Just like today, the Medicare actuaries would establish what the premium is for Parts B and D of the Medicare program as under current law. Then they would establish the 9% parameter to switch the premium from a flat dollar amount to a premium as a function of income. Like today, the premium will change each year including the 9% figure to maintain the 25% rule. But unlike current law, there will be much less concern about whether the Social Security cost of living adjustment (COLA) covers the increased Medicare premiums except when the COLA is zero or close to zero. For low-income beneficiaries, the COLA will always be larger than the increase in Medicare premiums because Medicare premiums have been significantly reduced. For most higher-income Medicare beneficiaries, the increase in their Social Security check will exceed the increase in the Medicare premium and if not, those individuals will have sufficient income to cover the additional cost of the Medicare premiums.

Asset limits would also be eliminated, which would both increase participation and eligibility by reducing barriers to receiving necessary help. The program would also include an automatic enrollment process for many participants, which is described in greater detail below. This automatic enrollment process would ensure that the program achieves near universal participation.

Administrative details

Anyone receiving aid from Medicaid, SSI, or Supplemental Nutrition Assistance Program (SNAP) would have their Medicare premiums set to zero. While SSA already has information on SSI enrollment, information on Medicaid and SNAP enrollment would be reported by states. Anyone who has a Medicare premium that is subtracted from their Social Security check would have their eligibility for the new program automatically assessed using income data from the Internal Revenue Service (IRS).

About 9%  of Medicare beneficiaries pay IRPs. The IRS electronically provides the SSA with tax information to determine which enrollees must pay the IRP. Extending this system to apply to all Medicare recipients should not create substantial additional administrative burden. Income would be taken from the same tax return that is used today to administer the IRPs. If there was no income tax return filed by a Medicare beneficiary, the IRS would share with SSA any form 1099 income reports for the beneficiary and the SSA would assume their income equals their Social Security and form 1099 income. The beneficiary’s Medicare Part B and D premium would automatically be calculated in accordance with the schedule described above.

In cases where no tax return was available, the SSA would check with the beneficiary and determine if the individual or couple had other income and require that this income be reported. If the individual or couple had income, the SSA would adjust the premium for the remainder of the year to ensure that the premium amount collected for the year is the correct amount. No adjustment would be necessary if the change in premium was less than $10 per month. As occurs under the current IRP rules, beneficiaries could also request that more recent income information be used.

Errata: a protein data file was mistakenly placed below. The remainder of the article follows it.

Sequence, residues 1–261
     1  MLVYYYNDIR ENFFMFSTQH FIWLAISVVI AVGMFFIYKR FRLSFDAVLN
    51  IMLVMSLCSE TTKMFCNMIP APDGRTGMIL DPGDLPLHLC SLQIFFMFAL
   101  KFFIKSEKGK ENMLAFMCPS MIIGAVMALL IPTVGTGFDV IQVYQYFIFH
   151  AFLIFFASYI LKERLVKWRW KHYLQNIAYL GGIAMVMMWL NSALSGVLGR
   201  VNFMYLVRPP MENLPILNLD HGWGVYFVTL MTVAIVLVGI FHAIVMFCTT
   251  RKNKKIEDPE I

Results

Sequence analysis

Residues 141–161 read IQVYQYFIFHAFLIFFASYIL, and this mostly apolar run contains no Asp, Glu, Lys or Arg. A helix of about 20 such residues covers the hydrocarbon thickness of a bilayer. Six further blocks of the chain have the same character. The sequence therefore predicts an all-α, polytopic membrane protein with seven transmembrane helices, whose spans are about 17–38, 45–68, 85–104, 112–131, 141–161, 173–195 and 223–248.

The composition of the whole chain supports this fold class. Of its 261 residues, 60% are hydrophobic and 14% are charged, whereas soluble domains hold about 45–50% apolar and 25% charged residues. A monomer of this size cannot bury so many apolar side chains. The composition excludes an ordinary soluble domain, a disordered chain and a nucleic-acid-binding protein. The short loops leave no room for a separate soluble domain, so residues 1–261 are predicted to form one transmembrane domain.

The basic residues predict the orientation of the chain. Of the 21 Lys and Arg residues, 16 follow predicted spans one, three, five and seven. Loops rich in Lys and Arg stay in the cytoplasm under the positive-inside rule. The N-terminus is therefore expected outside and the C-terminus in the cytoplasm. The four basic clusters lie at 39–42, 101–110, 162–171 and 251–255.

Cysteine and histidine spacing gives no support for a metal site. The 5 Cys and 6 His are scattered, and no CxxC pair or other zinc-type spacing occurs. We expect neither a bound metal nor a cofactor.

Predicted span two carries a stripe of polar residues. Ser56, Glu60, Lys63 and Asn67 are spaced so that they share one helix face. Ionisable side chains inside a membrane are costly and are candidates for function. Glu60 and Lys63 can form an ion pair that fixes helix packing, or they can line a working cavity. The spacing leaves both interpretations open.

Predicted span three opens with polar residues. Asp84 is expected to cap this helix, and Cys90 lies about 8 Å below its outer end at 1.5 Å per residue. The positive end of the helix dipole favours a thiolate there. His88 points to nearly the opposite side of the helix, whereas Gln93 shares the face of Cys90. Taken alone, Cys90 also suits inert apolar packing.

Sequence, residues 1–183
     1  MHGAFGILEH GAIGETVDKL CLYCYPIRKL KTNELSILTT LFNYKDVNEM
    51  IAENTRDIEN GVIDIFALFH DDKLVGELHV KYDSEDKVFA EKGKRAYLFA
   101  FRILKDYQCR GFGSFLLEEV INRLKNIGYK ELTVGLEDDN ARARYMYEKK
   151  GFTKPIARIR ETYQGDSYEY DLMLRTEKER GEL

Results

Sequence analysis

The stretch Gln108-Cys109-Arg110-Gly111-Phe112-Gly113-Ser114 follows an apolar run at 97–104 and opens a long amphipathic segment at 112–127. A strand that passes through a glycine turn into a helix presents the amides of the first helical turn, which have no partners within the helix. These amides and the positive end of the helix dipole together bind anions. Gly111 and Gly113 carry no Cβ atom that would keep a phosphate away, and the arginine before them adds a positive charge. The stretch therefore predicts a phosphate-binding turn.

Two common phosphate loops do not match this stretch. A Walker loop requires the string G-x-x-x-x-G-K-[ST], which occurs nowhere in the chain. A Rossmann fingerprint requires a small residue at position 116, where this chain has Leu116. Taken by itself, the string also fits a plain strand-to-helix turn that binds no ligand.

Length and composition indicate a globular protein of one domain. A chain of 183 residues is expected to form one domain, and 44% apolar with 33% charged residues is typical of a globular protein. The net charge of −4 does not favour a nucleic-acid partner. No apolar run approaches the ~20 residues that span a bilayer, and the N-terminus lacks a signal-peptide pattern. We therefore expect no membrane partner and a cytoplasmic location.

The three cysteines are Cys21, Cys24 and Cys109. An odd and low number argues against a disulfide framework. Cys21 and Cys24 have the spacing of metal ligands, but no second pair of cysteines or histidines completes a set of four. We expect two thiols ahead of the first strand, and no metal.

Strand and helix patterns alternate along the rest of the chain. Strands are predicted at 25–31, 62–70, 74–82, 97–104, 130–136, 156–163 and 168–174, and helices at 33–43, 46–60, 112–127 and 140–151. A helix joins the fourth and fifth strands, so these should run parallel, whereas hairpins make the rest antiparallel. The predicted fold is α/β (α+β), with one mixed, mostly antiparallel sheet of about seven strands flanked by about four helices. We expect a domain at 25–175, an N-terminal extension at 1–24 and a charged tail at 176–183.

There may be some individuals who would qualify for the program but do not have their premiums automatically subtracted from their Social Security checks. Those individuals would have to apply for assistance through an SSA-operated website. The website would evaluate their eligibility using SSA records on SSI enrollment, IRS data, and state-reported data on Medicaid and SNAP enrollment in the same way as beneficiaries who were enrolled automatically. In cases where the individual was enrolled in a Medicare Advantage plan that charged a lower premium than the normal Part B and Part D premium, SSA would ensure that the premium subsidy provided did not exceed the actual premium.

Income in the previous year determines eligibility for this new federal program. By making income in the previous year the basis for eligibility, the reconciliation process that ACA beneficiaries are subjected to each year is avoided. At the time individuals reach 65 and become eligible for the Medicare program, eligibility for the new federal program is assessed given their Social Security benefit level and any non-employment income that will be received that year. Thus, when they are new entrants to the program, the income that will be received on a regular basis in retirement determines their income. For someone that applies mid-year, it is their income for the remaining months of the year that would be used to determine eligibility. Eligibility would be reevaluated each year using the same procedures.

The participation rate for this program should be nearly 100% because of the auto enrollment feature of the plan. Eliminating the MSPs will create a windfall for states and how that windfall could be utilized will be described in a later publication.